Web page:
The Centaur by Algernon Blackwood

Algernon Blackwood’s The Centaur (1911) begins in “the year of Halley’s comet” — 1910 — with Terence O’Malley aboard a coastal steamer heading for the Levant and the Black Sea. O’Malley is an outsider, out of joint with his age:

“Not my century! … why, it’s not even my world! And I loathe, loathe the spirit of today with its cheap-jack inventions, and smother of sham universal culture, its murderous superfluities and sordid vulgarity, without enough real sense of beauty left to see that a daisy is nearer heaven than an airship—”

But his outsiderism is not of the dark, existential Colin Wilson kind. O’Malley is an outsider because, as the ship’s medic Dr Stahl tells him, he has “retained an almost unbelievable simplicity of heart—an innocence singularly undefiled—a sort of primal, spontaneous innocence that has kept you clean and open”. O’Malley finds refuge in Nature, and has managed to make a living writing travel articles about his wanderings, but still feels the need for a greater sense of belonging to Nature, both more personal and more spiritual:

“He had always ‘dreamed’ the Earth alive, a mothering organism to humanity; and himself, via his love of Nature, in some sweet close relation to her that other men had forgotten or ignored.”

And on board the ship he finds it, or at least the first hint it’s possible. Two of his fellow passengers, a big, quiet man he thinks of as “the Russian”, and a young boy in the Russian’s charge, attract his attention in an odd way: “They appeared so much bigger than they actually were”, yet when he focuses on them, he can’t see what creates this impression. He realises it’s a mental image of their inner natures, somehow communicating to his eyes (the other passengers mostly ignore them). They seem to feel a kinship with O’Malley, too, and he comes to realise, as he spends time with them, that they are no ordinary people, but “cosmic beings”, “strayed down among men in a form outwardly human”. Not aliens, but:

“…a direct expression of cosmic life. A little bit, a fragment, of the Soul of the World, and in that sense a survival—a survival of her youth.”

Dr Stahl has also noticed something about these two, and notes O’Malley’s interest in them. They are, he tells the Irishman, beings whose nature is similar to O’Malley’s own, “only developed, enormously developed… whose influence acting upon you at close quarters could not fail to arouse the latent mind-storms… always brewing in you just below the horizon.”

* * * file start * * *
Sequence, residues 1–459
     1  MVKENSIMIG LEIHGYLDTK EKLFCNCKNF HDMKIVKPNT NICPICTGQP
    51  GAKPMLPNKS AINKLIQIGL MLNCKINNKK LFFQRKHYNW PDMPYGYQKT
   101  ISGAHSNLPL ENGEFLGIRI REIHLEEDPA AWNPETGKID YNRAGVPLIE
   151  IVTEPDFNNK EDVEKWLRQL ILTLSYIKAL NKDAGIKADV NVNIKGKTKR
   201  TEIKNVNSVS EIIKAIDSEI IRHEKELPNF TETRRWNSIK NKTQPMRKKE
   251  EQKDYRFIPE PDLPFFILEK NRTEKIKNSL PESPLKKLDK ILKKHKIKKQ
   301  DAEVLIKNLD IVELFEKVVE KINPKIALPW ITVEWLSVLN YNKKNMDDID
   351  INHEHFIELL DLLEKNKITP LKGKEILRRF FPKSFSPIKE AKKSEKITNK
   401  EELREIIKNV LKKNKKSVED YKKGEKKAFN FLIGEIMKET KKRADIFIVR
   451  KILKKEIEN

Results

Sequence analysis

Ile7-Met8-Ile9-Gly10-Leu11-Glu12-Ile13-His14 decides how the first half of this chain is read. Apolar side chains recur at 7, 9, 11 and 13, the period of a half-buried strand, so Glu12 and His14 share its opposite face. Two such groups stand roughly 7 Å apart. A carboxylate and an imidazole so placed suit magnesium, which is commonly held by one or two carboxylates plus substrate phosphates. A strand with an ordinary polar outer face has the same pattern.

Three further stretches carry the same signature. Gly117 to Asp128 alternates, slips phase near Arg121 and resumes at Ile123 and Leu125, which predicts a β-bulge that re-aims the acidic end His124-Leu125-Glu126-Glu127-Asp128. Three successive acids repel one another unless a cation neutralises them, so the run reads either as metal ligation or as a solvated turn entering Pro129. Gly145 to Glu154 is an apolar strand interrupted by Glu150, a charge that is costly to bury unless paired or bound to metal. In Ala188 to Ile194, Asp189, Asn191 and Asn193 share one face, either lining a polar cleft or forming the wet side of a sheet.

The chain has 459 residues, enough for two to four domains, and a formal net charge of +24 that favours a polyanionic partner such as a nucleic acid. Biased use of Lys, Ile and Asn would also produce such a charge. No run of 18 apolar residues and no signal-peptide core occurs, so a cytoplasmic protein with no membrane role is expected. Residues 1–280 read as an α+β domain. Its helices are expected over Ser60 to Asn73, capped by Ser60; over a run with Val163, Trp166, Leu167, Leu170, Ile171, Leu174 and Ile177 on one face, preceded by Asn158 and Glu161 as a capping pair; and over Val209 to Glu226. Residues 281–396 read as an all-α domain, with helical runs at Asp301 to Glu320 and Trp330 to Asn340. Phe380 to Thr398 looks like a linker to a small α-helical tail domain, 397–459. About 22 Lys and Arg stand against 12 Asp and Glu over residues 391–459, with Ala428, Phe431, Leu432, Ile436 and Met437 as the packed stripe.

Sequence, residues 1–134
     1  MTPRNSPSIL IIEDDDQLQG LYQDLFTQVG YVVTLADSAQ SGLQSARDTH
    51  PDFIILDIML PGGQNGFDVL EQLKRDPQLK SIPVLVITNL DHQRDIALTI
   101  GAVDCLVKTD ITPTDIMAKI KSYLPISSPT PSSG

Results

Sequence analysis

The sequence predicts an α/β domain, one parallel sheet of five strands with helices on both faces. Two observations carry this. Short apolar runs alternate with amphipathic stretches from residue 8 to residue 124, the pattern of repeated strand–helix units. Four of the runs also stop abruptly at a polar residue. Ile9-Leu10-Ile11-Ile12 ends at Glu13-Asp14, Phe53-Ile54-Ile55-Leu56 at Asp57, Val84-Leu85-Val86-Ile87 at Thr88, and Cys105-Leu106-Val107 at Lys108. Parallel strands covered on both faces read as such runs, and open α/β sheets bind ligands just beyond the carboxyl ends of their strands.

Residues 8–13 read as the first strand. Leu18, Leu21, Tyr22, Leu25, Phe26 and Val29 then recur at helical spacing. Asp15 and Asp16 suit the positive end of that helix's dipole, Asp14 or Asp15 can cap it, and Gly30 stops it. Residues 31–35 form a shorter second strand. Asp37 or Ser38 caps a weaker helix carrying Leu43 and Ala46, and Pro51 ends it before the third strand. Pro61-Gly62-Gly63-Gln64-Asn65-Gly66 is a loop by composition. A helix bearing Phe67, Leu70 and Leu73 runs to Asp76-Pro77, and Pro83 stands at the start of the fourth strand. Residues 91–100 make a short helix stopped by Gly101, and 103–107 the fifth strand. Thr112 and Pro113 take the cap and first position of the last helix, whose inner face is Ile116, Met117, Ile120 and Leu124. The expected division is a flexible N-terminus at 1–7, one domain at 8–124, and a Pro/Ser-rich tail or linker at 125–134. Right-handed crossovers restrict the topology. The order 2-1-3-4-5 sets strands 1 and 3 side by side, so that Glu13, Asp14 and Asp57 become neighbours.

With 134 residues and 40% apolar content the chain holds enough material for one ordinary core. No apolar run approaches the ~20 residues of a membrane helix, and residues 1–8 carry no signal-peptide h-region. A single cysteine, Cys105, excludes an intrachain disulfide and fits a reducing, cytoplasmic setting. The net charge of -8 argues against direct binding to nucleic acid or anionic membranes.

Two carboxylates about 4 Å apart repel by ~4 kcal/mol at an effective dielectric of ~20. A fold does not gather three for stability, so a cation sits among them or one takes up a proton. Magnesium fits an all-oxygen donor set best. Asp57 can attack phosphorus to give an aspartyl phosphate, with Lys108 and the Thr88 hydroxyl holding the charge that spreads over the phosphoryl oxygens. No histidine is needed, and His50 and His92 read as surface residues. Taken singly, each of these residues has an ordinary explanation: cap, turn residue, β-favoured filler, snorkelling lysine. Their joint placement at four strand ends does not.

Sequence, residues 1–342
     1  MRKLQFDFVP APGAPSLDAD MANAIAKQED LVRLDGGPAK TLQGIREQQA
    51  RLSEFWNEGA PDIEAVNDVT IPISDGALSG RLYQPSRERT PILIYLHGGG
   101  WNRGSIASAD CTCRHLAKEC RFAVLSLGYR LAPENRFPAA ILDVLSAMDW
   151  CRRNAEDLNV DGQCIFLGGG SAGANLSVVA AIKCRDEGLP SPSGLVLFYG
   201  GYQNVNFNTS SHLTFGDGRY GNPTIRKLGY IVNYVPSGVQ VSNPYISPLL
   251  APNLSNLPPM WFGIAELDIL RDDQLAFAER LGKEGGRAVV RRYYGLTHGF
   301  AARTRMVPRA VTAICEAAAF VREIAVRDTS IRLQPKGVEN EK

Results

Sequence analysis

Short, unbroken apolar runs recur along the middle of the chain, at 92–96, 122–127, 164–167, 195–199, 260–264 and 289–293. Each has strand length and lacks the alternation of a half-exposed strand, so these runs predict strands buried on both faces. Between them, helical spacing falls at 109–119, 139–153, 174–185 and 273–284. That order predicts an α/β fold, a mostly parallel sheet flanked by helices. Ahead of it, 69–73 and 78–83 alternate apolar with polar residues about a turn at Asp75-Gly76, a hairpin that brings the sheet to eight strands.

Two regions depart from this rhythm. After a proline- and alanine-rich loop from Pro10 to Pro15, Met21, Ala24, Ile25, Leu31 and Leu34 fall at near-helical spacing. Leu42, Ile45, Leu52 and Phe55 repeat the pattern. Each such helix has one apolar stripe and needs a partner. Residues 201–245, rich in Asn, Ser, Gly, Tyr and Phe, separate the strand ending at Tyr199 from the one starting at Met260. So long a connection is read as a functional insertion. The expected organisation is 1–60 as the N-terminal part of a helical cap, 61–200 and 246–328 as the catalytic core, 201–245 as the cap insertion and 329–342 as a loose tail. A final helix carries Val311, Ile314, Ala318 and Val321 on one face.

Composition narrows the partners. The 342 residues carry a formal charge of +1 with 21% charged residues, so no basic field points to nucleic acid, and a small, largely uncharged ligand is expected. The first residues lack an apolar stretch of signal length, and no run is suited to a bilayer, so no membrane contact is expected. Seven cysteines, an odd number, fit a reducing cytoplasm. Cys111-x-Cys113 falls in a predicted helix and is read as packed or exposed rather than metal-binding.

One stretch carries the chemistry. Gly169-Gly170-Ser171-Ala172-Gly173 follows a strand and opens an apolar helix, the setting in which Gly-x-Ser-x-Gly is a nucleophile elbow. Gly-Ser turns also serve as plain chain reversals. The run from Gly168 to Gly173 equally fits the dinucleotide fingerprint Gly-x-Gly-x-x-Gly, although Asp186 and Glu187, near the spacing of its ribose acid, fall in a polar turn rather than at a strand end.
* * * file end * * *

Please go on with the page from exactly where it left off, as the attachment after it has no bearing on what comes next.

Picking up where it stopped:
Stahl at first encourages O’Malley to interact with them, but almost immediately steps in with warnings about getting too close. O’Malley himself feels the tug of entering these two mysterious beings’ world, and thus losing his worldly self, though he soon realises that the “loss of personality” he instinctively fears would be “merely an extinction of some phantasmal illusion of self into the only true life”. Stahl urges him not to submit to the temptation of letting go of this world entirely, urging O’Malley to remember the watchwords of “Humanity and Civilisation”, not realising how little those words mean to him.

Blackwood wanted his friend Walford Graham Robertson to illustrate the novel. In the end, only this endpaper illustration appeared.

Stahl and the Russian are, in effect, the angel and devil on O’Malley’s shoulders, each urging him in an opposite direction. O’Malley already feels the attraction to the Russian’s world of greater unity with the Soul of the Earth; it’s Stahl who has to use persuasion to make him stay in our world. Stahl wants to study O’Malley, sure he’ll understand something about the man’s strangely innocent power. Stahl serves a second function, too, as one of Blackwood’s theorisers, using the quasi-scientific language of early 20th century spiritualism — “fluid” or “etheric” selves, and so on — as well as his own theories of an “Urmensch” to explain in technical detail the ideas behind this novel:

“Beings,” the doctor corrected him, “not men. The prefix Ur-, moreover, I use in a deeper sense than is usually attached to it as in Urwald, Urwelt, and the like. An Urmensch in the world today must suggest a survival of an almost incredible kind—a kind, too, utterly inadmissible and inexplicable to the materialist perhaps—”

Stahl brings in the philosophy of Gustav Fechner — William James’s lecture on him, later published in A Pluralistic Universe (1909), is explicitly cited — who believed that the Earth had a collective consciousness, a sum total of all her inhabitants’, plus something extra of her own. For eyes, she has our eyes; for ears, she has our ears. And from her come not only life forms such as ourselves, but “the gods and fairies of olden time”, as “emanations of her mighty central soul”. (And Earth in turn is a “Mood in the Consciousness of the Universe, [and] that Universe again was mothered by another vaster one … and the total that included them all was not the gods—but God.”)

The rest of the novel chronicles O’Malley’s journey deeper into union with the collective consciousness of the Earth, and then his return to civilisation, to teach what he has learned, in “a crusade that should preach peace and happiness to every living creature” — though one that is, of course, doomed to failure, as are all such dreamers’ crusades.

Bocklin’s “Centaurs” (1873) is mentioned in the novel